Shane Lowry: Big topic is Zika virus and the Olympics
Right now I’m fully focused on contending here at the BMW PGA Championship
Shane Lowry celebrates with Keith Wood during the Pro-Am at Wentworth. Photograph: David Cannon/Getty Images
I love the place and the tournament. But it doesn’t matter where we are these days, whether we’re at Augusta or Sawgrass or The K Club, there’s no escaping one topic of conversation: the Zika virus and the Olympics.
Rory McIlroy saying what he said the other day is obviously not the first time I’ve been aware of the Zika virus. A number of golfers have already pulled out of the chance to compete at the Olympics – Adam Scott, Marc Leishman, Charl Schwartzel, Louis Oosthuizen – and I am sure there will be more.
I desperately want to go to the Olympics for Ireland. I am also a recently married man, and I have to learn a lot more about the virus. Obviously I really want to go, but there is a decision to be made. Can I or can’t I go?
I am the one who has to make that call. I have to speak to the medical people from the European Tour, and I really need to go and speak to doctors back home. We’re getting a lot of good information from the PGA Tour and the European Tour, a lot of emails popping into the inbox.
I need to ask some questions. How big a percentage is the risk? That’s the really big one. I’m going to listen to the medical advice that comes my way, and, I’ll be honest, I’m not going to take any chances.
It has been on my mind for a few months; players have been talking about it a lot, and we talk to each other week to week when we’re out on tour.
It’s not an ideal scenario to have on golf’s return to the Olympics. Is it the pinnacle for golfers? I’m not sure. I think the Majors are probably the pinnacle. If I was a 800m or 200m runner there’d be no question about going because you’ve trained for four years, or even eight years in some cases, to get to the Olympics.
If there’s a decision to be made – and the qualifying date I know is July 17th – then it is going to be a very tough decision if I can’t go or if I don’t feel like I can go.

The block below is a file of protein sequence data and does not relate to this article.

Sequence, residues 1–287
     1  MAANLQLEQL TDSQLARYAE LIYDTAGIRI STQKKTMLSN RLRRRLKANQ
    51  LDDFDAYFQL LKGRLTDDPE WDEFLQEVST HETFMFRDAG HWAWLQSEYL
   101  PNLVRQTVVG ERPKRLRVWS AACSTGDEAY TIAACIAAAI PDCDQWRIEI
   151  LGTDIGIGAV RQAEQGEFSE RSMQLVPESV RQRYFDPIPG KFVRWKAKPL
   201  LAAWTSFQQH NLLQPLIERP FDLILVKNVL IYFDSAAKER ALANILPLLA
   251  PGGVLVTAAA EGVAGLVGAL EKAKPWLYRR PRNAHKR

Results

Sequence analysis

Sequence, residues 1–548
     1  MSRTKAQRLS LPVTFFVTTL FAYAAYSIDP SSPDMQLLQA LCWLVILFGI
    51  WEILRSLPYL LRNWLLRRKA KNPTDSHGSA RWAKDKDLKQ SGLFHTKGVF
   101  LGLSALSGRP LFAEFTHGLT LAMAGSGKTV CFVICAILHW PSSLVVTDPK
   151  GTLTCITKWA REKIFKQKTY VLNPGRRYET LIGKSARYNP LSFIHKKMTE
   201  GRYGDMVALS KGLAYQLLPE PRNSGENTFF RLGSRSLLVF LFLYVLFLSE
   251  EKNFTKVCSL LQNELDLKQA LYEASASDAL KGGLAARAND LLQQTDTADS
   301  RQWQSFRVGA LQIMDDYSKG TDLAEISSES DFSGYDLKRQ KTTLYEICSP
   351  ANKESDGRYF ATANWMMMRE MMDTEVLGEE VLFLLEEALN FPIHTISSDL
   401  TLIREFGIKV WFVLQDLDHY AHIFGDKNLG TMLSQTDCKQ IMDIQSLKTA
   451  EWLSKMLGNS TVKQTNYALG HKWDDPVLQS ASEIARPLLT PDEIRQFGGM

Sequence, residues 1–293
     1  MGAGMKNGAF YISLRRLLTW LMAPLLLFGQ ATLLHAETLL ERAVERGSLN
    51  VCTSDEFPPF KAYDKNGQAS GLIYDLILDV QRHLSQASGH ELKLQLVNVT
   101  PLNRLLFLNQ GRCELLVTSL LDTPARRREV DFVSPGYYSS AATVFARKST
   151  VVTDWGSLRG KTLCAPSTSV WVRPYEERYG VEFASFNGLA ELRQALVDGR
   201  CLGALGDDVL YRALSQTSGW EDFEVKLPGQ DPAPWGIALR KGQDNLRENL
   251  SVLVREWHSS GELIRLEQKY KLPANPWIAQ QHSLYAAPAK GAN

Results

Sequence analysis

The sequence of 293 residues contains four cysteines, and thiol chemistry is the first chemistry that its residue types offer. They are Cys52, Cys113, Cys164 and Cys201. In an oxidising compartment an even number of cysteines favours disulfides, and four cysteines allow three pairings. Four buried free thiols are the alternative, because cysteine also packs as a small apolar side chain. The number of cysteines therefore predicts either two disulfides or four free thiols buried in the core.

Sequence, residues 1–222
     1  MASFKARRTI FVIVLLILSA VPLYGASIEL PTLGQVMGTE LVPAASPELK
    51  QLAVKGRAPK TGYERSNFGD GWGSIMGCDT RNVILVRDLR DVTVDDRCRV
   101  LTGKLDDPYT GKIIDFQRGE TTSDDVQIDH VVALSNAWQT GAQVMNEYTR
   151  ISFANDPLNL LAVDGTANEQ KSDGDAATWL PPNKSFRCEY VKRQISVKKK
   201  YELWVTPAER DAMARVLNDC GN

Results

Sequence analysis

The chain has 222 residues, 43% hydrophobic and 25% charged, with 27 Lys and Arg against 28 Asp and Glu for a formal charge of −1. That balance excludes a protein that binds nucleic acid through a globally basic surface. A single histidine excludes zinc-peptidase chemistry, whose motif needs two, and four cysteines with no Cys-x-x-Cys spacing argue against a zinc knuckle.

Right now I’m looking forward to contending in the BMW PGA here at Wentworth. I had great craic in the Pro-Am playing with rugby legends Keith Wood and Zinzan Brooke. Paul O’Connell was supposed to play but he was injured, so Michael Smurfit Jnr stepped in to good effect too as we won the team.
I grew up watching Keith, and always remember the try he scored off the lineout, that’s my biggest memory; and I heard from Brooke that he played Gaelic football, which was interesting.
It’s probably the best Pro-Am of the year, and it was also nice to bump into Paul Scholes. I’m a little bit of a Manchester United fan, but he’s one of the players that I’ve always put on a pedestal, so it was great to meet him.
This is one of my favourite tournaments of the year. I love the area, Sunningdale and Ascot. I’m in a comfort zone here. I feel confident here, and I suppose I’m lucky too that my caddie Dermot has been around here for 20 years and knows the course so well.
The first year I played here in 2010 we came over a week early. When you go to a new course you don’t know, you’ve got to look at a course map. Not here. I know if stand on the first and the wind is out of the right, that I hit a three-wood. I know playing that hole that it’ll be a nine-iron into the second, and that the third is going to be playing out of the right.
I feel like I’m playing okay and I’m comfortable here. It is important for me not to be complacent and to just let myself go about my business.
I do feel there is something big close. It is hard to know how close. I don’t feel like I am struggling, and there’s certainly no alarm bells ringing about my game.
Golf’s funny, and it is hard to moan about it. I feel like I am getting bad breaks and that’s the way I felt for a bit last year before I ended up winning the Bridgestone in Akron. I am just hoping it’s the same sort of trend this year. I know I am playing good enough to win. I just have to go and do it now.